The Maqluba doline or natural sinkhole is a typical natural attraction, and where if one was to venture deeper within, one can see many Carob and Sandarac Gum Trees, amongst other Maltese indigenous and endemic trees and shrubs. The formation of the Maqluba doline is attributed to have happened on the 23rd November 1343 during a violent three day storm or tempest.
The San Mattew tal-Maqluba site offers an “all year round” wedding venue where locals and tourists alike choose Malta and specifically the Maqluba site to confirm their wedding vows.
Composed of several sea caves caverns, the Blue Grotto (il-Hnejja) is located in the south east coast of Malta, a mere five kilometres away from the small uninhabited islet of Filfla. The location of the cave combined with the sunlight, lead to the water mirroring a myriad shades of blue, and ideal for viewing during the morning. Sea flora and fauna add colour below the waterline with clear and clean waters affording a true and wonderful experience.
The Blue Grotto a popular destination for tourists visiting the Maltese islands, is best visited aboard the eight passenger boats that embark from the sea port of Wied iz-Zurrieq. Wied iz-Zurrieq has proven to be a most popular underwater diving site due to its various attributes accommodating both the experience and the novice. A site where the wreck of the Um el-Faroud was scuttled thus creating an added attraction and artificial reef.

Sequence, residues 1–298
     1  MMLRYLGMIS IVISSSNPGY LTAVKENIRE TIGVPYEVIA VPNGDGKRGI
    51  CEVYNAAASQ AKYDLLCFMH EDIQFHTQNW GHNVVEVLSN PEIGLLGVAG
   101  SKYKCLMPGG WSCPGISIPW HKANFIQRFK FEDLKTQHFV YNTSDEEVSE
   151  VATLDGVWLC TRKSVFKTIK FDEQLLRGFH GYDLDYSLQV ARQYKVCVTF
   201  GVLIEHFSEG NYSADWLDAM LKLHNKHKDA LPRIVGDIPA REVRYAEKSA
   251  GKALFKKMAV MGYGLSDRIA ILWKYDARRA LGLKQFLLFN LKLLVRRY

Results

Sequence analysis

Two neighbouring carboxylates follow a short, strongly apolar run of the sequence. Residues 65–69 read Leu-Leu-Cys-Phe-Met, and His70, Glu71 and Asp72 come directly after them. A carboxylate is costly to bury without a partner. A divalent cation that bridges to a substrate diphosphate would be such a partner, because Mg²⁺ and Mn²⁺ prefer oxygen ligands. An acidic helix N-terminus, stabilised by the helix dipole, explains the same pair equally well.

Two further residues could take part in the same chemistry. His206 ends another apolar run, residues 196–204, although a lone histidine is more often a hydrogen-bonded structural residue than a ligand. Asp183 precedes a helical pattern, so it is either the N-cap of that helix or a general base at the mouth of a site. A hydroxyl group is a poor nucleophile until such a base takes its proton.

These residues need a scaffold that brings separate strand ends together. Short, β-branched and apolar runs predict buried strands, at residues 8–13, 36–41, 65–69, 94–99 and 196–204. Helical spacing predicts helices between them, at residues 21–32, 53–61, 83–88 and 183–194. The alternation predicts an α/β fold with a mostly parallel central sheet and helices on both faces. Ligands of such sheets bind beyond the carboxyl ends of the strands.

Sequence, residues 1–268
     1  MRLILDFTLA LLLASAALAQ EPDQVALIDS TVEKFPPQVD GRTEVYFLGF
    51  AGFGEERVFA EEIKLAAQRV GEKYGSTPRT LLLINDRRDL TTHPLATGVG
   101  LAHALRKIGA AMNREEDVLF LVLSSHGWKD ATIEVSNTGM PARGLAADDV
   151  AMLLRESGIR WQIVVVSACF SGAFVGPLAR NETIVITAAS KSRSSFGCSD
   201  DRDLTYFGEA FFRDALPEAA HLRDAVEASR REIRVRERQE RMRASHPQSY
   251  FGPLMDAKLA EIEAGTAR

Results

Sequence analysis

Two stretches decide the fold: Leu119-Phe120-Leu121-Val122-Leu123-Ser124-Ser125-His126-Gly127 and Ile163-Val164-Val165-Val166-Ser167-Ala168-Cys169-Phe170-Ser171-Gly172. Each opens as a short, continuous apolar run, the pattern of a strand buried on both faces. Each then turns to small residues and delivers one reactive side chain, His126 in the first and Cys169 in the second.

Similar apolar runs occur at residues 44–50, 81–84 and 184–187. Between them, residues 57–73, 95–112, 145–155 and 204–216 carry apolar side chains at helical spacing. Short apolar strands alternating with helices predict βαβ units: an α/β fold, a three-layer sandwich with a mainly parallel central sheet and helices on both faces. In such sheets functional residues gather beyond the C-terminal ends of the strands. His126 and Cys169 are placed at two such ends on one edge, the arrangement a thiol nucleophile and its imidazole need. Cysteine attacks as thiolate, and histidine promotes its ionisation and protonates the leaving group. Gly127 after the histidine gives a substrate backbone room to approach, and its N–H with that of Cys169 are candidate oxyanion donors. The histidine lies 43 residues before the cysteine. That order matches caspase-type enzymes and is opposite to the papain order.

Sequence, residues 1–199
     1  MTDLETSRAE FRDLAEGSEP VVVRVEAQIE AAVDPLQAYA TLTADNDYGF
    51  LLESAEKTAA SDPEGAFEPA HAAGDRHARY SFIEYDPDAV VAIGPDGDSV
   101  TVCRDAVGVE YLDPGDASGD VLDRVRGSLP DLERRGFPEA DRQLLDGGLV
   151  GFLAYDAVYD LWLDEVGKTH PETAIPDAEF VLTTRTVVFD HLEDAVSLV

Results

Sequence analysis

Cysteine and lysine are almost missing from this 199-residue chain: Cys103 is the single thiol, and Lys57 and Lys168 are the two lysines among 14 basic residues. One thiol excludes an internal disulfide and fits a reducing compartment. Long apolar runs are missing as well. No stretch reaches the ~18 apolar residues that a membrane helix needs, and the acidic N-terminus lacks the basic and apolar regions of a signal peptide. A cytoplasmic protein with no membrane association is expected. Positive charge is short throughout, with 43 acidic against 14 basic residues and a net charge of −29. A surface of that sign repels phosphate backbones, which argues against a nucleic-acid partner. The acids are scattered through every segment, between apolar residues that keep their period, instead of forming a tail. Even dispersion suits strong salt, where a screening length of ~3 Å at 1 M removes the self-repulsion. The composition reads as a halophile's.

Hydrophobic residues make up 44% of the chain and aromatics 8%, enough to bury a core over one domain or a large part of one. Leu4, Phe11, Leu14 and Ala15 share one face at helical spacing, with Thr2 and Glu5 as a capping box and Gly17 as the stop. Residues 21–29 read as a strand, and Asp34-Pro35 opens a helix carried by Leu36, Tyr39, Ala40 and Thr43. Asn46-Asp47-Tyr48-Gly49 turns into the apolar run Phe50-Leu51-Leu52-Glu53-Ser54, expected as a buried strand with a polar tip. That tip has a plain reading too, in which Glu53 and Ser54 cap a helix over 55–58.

Madonna tal-Hniena Sanctuary
The Chapel of Our Lady of Mercy was built in the thirteenth century when Hal Lew was still part of Zurrieq. When Żurrieq became a parish, the chapel of Mercy served as vice parish taking care of the spiritual needs of people living in the area. The Chapel, often referred to as Chiesa del la Misericordia, has three altars with staircase. At the entrance of this place of worship one can find wooden chair accessible by ladder. In 1668, a simple but interesting sacristy roof form was added, with decorations engraved in stone.
Qrendi Parish Church
The religious feasts of the ascension into heaven of Santa Marija is a week long festivity, a compilation of religious worship, musical interpretations in the form of band marches and concerts, as well as a two day pyrotechnic manifestation that all help to attract numerous local and foreign visitors to our village.